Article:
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The Last Algonquin

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The Last Algonquin Cover

 

Synopses & Reviews

Publisher Comments:

As recently as 1924, a lone Algonquin Indian lived quietly in Pelham Bay Park, a wild and isolated corner of New York City. Joe Two Trees was the last of his people, and this is the gripping story of his bitter struggle, remarkable courage, and constant quest for dignity and peace.
 
By the 1840s, most of the members of Joes Turtle Clan had either been killed or sold into slavery, and by the age of thirteen he was alone in the world. He made his way into Manhattan, but was forced to flee after killing a robber in self defense; from there, he found backbreaking work in New Jersey and Pennsylvania. Finally, around the time of the Civil War, Joe realized there was no place for him in the White world, and he returned to his birthplace to live out his life alone—suspended between a lost culture and an alien one. Many years later, as an old man, he entrusted his legacy to the young Boy Scout who became his only friend, and here that young boys son passes it on to us.
 
Theodore Kazimiroff, the son of Joe Two Treess young confidant, writes historical, environmental, and natural history articles for several magazines. He lives in Bayville, New York.
Theodore Kazimiroff, the son of Joe Two Trees's young confidant, writes historical, environmental, and natural history articles for several magazines. He lives in Bayville, New York.
As recently as 1924, a lone Algonquin Indian lived quietly in Pelham Bay Park, a wild and isolated corner of New York City. Joe Two Trees was the last of his people, and this is the gripping story of his bitter struggle, remarkable courage, and constant quest for dignity and peace.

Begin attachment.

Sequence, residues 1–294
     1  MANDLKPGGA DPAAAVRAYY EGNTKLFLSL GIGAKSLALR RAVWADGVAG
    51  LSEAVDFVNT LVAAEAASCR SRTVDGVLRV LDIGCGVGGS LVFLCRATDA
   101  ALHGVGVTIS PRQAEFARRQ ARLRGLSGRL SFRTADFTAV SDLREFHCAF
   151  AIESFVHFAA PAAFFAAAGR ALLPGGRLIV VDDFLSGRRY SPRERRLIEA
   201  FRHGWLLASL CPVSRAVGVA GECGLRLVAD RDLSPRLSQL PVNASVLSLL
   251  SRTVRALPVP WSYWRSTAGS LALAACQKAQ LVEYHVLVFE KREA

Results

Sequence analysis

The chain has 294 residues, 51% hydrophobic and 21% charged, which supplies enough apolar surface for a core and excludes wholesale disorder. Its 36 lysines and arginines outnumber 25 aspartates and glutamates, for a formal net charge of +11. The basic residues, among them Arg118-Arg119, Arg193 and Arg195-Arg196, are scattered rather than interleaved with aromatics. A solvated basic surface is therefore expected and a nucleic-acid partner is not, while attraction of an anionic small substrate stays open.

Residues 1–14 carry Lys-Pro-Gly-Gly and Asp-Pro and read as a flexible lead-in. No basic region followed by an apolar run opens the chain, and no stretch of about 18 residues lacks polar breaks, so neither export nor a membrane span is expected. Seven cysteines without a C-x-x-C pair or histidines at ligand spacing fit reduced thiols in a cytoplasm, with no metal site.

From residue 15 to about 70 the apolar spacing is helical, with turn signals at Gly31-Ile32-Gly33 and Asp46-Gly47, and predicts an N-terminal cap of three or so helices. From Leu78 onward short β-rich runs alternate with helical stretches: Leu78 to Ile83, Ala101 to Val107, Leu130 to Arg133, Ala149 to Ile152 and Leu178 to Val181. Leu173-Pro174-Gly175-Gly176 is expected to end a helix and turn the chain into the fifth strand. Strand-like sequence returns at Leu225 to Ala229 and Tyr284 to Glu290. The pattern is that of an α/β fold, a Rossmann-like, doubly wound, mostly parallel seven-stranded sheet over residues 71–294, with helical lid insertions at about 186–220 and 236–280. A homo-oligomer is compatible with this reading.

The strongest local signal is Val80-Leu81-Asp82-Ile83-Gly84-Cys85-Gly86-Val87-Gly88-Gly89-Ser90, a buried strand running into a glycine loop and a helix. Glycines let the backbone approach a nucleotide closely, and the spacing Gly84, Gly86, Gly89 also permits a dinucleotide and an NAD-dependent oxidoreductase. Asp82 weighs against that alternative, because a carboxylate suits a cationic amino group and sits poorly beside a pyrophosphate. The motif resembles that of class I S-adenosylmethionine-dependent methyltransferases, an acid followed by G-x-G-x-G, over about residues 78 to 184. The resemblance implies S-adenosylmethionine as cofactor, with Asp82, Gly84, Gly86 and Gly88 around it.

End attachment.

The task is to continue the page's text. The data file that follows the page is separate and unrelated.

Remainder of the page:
By the 1840s, most of the members of Joe's Turtle Clan had either been killed or sold into slavery, and by the age of thirteen he was alone in the world. He made his way into Manhattan, but was forced to flee after killing a robber in self defense; from there, he found backbreaking work in New Jersey and Pennsylvania. Finally, around the time of the Civil War, Joe realized there was no place for him in the White world, and he returned to his birthplace to live out his life alone—suspended between a lost culture and an alien one. Many years later, as an old man, he entrusted his legacy to the young Boy Scout who became his only friend, and here that young boy's son passes it on to us.

"A beautiful and affecting story—a quest, a mythic adventure and journey."—The New York Times
 
"A story that should be read and reread . . . from each page shine insights into Indian legend and lore."—Milwaukee Sentinel
 
"A remarkable tale . . . A portrait of youth and age, pupil and teacher, the story Joe passed on to his friend is an astonishing account."—Publishers Weekly

Synopsis:

As recently as 1924, a lone Algonquin Indian lived quietly in Pelham Bay Park, a wild and isolated corner of New York City. Joe Two Trees was the last of his people, and this is the gripping story of his bitter struggle, remarkable courage, and constant quest for dignity and peace.